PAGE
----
Copper Caps Longest Slump in Four Weeks on China Demand Concerns

May 30, 2014 4:34 pm ET

May 30 (Bloomberg) -- Copper futures capped the longest slump in four weeks amid concern that demand will slow in China, the world’s biggest metals consumer.

Chinese home prices fell 0.3 percent in May from April, the first monthly drop since June 2012, according to SouFun Holdings Ltd., the nation’s biggest real estate website owner. Prices for copper, used in plumbing and wiring, rose 3.2 percent this month as exchange-monitored inventories declined.

“Metals have the look and feel of wanting to push higher, although slowing growth in China should keep overextended rallies somewhat in check,” Edward Meir, an analyst at INTL FCStone in New York, said in an e-mailed report today.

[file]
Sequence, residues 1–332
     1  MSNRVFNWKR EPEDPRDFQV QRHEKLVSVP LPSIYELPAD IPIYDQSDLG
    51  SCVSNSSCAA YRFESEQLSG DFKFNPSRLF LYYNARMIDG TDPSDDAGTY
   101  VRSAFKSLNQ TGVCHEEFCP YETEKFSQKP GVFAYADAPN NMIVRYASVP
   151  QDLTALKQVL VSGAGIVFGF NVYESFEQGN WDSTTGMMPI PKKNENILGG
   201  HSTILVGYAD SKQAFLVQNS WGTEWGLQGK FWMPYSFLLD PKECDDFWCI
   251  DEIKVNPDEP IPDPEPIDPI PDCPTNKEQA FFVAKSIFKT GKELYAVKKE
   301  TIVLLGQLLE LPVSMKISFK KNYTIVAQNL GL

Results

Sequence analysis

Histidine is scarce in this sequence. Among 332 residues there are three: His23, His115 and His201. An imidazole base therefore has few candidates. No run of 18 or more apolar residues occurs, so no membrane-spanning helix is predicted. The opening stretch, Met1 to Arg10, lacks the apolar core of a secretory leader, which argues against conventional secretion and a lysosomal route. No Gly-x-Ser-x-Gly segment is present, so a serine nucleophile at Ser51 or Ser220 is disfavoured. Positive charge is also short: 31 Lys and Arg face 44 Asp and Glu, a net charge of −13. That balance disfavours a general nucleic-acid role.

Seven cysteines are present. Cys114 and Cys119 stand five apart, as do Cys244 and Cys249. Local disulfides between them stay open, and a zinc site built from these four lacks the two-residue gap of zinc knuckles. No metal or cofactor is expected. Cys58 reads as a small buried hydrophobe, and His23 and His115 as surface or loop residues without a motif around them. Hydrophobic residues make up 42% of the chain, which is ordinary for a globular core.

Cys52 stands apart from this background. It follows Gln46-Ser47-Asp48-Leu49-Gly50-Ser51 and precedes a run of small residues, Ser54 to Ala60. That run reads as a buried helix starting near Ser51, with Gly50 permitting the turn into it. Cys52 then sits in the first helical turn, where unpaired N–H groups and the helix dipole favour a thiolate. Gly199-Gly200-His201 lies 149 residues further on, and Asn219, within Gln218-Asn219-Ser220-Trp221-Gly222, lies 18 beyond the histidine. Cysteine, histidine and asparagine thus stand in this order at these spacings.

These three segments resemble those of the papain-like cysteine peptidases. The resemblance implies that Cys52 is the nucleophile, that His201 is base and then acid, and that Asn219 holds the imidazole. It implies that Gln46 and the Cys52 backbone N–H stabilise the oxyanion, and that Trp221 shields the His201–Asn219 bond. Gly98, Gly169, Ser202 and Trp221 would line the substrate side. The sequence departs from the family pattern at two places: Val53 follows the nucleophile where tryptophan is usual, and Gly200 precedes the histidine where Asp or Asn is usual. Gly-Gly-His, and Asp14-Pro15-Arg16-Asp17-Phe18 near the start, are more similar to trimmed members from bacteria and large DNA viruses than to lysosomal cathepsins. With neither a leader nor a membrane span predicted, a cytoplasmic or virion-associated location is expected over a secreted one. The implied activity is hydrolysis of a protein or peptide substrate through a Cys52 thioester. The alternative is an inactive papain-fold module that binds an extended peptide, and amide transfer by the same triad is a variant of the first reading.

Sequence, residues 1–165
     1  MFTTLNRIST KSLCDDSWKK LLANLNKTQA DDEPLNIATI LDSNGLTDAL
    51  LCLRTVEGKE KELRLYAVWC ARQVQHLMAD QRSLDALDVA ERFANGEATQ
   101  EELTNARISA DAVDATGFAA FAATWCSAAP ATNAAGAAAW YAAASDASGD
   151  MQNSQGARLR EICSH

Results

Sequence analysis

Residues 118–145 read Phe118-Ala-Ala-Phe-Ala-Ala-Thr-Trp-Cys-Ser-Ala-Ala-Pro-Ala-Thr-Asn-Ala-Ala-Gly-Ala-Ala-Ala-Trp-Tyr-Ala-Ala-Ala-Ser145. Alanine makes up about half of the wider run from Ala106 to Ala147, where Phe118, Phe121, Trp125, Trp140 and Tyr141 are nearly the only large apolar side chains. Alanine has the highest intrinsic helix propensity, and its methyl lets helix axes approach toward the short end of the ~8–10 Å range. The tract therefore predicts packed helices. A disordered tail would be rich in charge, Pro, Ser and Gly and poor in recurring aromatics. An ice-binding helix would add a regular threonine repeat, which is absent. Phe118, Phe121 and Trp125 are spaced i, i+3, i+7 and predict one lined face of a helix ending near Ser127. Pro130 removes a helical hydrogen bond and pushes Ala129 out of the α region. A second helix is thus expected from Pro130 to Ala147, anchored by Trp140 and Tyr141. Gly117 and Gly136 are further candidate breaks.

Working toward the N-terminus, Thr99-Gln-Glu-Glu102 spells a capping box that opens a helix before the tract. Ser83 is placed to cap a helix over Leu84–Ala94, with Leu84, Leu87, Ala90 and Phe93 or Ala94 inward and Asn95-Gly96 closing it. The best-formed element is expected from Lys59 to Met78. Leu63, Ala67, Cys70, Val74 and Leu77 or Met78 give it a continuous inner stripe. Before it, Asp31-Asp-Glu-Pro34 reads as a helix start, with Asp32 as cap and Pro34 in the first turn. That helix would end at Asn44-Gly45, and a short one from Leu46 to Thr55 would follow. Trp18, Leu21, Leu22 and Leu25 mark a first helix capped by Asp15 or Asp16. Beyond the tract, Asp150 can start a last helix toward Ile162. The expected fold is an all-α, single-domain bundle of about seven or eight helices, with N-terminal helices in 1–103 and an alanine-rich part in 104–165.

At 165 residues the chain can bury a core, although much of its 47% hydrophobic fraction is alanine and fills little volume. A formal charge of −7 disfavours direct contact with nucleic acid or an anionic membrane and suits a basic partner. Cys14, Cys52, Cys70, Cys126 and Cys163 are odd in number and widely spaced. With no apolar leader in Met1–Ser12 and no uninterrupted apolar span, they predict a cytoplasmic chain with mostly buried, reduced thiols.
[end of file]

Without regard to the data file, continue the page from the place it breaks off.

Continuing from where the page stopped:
Copper futures fell 0.7 percent to settle at $3.1235 a pound at 1:19 p.m. on the Comex in New York. Prices declined for a third straight day, the longest slide since May 1.

The metal ended the month higher after stockpiles tracked by the London Metal Exchange plunged 27 percent in May, the biggest drop since 2005.

On the LME, copper for delivery in three months retreated 0.6 percent to $6,845 a metric ton ($3.11 a pound). The price fell 1.2 percent this week, the most since mid-March.

Aluminum, lead, tin and zinc also dropped in London, while nickel rose.